Mapping small DNA sequences by fluorescence in situ hybridization directly on banded metaphase chromosomes.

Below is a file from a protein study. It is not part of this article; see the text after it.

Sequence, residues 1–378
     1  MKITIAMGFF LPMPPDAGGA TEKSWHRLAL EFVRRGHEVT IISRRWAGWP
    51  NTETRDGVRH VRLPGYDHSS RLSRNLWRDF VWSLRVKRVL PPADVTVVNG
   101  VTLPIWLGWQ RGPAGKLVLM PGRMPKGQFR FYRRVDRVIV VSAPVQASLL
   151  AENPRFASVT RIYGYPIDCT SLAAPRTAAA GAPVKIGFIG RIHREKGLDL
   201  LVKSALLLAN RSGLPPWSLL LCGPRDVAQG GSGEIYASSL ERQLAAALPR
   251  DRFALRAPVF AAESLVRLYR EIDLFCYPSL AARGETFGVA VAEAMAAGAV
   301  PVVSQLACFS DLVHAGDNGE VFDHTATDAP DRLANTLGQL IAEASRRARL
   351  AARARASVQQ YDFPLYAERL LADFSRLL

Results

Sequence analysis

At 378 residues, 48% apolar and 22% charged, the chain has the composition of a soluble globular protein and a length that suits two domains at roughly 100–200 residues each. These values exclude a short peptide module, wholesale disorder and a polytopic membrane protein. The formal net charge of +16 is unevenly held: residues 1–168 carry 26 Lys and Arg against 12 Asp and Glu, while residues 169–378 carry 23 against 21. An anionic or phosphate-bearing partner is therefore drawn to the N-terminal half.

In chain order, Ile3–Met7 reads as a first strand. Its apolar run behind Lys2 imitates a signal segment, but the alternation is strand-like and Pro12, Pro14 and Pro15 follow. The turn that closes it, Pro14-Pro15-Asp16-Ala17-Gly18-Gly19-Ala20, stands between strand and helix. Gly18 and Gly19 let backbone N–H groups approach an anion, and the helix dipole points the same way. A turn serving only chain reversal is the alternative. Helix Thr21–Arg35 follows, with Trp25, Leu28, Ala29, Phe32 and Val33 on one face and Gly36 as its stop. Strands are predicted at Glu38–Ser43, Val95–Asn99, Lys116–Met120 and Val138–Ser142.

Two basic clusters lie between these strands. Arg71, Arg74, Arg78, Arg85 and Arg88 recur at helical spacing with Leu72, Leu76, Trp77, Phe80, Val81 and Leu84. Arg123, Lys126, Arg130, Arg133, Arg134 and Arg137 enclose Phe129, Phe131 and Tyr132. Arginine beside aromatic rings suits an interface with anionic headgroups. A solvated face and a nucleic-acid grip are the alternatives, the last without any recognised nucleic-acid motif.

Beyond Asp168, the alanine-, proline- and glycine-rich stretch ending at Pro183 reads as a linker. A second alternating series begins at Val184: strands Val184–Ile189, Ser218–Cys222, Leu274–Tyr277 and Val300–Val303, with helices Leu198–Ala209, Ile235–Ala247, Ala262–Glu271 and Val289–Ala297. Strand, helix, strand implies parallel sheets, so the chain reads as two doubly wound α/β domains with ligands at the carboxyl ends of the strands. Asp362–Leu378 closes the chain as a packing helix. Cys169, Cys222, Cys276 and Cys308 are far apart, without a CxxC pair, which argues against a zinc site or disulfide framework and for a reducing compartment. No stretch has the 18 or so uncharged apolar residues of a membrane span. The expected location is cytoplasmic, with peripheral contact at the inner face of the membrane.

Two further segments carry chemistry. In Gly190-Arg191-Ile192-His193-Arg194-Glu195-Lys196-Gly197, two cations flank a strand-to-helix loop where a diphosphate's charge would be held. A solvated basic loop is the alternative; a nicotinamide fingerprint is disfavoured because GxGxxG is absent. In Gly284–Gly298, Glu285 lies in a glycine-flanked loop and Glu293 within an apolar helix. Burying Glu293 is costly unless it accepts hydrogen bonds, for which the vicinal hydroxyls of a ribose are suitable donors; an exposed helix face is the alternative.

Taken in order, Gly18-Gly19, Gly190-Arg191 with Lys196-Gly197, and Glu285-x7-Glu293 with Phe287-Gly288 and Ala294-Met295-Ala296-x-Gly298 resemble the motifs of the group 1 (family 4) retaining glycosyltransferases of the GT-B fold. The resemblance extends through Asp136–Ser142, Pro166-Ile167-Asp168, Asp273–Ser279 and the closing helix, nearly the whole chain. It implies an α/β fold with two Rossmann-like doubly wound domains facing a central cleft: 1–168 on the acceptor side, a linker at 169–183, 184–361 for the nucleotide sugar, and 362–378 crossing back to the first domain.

A procedure for mapping small DNA probes directly on banded human chromosomes by fluorescence in situ hybridization has been developed. This procedure allows for the simultaneous visualization of banded chromosomes and hybridization signal without overlaying two separate photographic images. This method is simple and rapid, requires only a typical fluorescence microscope, has proven successful with DNA probes as small as 1 kilobase, is applicable for larger probes, and will greatly facilitate mapping the vast number of probes being generated to study genetic disease and define the human genome. Human metaphase chromosomes were prepared from phytohemagglutinin-stimulated lymphocyte cultures synchronized with bromodeoxyuridine and thymidine. Probes were labeled with biotin-dUTP, and the hybridization signal was amplified by immunofluorescence. Chromosomes were stained with both propidium iodide and 4',6-diamidino-2-phenylindole (DAPI), producing R- and Q-banding patterns, respectively, allowing unambiguous chromosome and band identification while simultaneously visualizing the hybridization signal. Thirteen unique DNA segments have been localized to the long arm of chromosome 11 by using this technique, and localization of 10 additional probes by using radioactive in situ hybridization provides a comparison between the two procedures. These DNA segments have been mapped to all long-arm bands on chromosome 11 and in regions associated with neoplasias and inherited disorders.